The denouncement comes after a regional grouping decided to freeze Mali's assets, a pressure tactic against the ruling junta amid concerns over the future of democracy in the West African country.

Coup leader Assimi Goita's decision to delay new elections has received flak from the regional bloc known as ECOWAS.
Coup leader Assimi Goita's decision to delay new elections has received flak from the regional bloc known as ECOWAS. (Reuters)

Mali's ruling junta has condemned new economic sanctions imposed by West African regional leaders after the coup leader announced a plan to delay new elections by four years.

Appearing on a late-night news flash on state TV, a spokesman for Mali’s government said on Monday it learned of the decision with “stupefaction.”

“The government of Mali energetically condemns these illegal and illegitimate sanctions,” said Colonel Abdoulaye Maiga on Monday.

The new measures step up pressure on Colonel Assimi Goita, including freezing of Mali's assets held in the regional central bank. 

Flights from the 14 other countries in the regional bloc known as the Economic Community of West African States (ECOWAS) also have been halted.

West African leaders who met on Sunday in Ghana's capital also said they had activated the ECOWAS standby military force.

This hinted at the threat of military intervention if the junta in Mali continues to defy international calls for democratic elections.

Goita summoned his cabinet on Monday for an extraordinary meeting about the sanctions, an official in his office told AFP news agency, requesting anonymity.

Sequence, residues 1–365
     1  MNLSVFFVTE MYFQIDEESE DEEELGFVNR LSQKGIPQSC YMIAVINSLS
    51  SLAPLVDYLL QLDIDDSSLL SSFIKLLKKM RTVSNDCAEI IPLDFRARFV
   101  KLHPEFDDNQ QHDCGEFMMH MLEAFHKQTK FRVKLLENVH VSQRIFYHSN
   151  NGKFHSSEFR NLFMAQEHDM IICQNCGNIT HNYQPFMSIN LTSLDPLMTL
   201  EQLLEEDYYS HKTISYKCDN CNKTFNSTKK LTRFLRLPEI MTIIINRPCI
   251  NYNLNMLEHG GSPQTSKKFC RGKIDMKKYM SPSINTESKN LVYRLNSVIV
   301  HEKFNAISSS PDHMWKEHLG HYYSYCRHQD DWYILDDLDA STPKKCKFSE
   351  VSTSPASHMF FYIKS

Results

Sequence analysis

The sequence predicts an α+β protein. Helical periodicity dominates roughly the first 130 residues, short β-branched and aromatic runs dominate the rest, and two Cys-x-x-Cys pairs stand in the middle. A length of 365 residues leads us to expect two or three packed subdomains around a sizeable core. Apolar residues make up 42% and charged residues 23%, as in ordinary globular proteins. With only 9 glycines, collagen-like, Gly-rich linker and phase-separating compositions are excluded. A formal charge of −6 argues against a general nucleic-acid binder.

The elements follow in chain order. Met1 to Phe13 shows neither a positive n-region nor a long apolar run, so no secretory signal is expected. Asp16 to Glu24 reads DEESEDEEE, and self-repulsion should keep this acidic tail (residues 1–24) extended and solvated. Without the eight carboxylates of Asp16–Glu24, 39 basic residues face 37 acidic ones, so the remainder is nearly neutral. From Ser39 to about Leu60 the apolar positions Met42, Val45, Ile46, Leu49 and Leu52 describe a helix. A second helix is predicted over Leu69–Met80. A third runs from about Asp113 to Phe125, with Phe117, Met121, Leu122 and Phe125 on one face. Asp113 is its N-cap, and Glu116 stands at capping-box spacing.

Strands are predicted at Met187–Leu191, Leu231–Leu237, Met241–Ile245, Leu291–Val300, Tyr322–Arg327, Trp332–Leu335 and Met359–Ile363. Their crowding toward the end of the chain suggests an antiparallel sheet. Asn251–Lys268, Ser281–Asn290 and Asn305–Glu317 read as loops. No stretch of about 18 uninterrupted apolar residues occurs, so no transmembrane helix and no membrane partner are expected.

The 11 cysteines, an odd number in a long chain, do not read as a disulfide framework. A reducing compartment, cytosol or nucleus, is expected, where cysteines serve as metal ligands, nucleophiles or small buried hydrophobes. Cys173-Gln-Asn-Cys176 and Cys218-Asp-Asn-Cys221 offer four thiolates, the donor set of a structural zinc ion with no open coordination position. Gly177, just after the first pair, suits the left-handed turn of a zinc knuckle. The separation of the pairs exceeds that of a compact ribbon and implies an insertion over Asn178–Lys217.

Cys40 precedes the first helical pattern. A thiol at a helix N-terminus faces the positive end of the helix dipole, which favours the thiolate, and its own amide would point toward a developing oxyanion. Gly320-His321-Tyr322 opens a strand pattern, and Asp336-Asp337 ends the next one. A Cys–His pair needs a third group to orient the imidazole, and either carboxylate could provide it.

READ MORE: West African leaders impose 'very harsh' sanctions on Mali

Polls pushed back

The junta initially had agreed to hold a new election in late February, 18 months after it first seized power. 

The military leadership now says the next presidential election will not take place until 2026, giving Goita four more years in power.

ECOWAS leaders called this timeframe “totally unacceptable” and said it “simply means that an illegitimate military transition government will take the Malian people hostage during the next five years”.

The ECOWAS business sanctions won’t apply to essentials like pharmaceuticals, medical supplies and equipment to fight Covid-19. 

Petroleum products and electricity are also excluded, the regional bloc said.

But all of Mali’s financial assets held in the regional bloc’s central bank and commercial banks will be blocked. Previous sanctions had only targeted junta leadership with travel bans and asset freezes.

READ MORE: Mali's return to democratic rule may take up to five years

Source: AP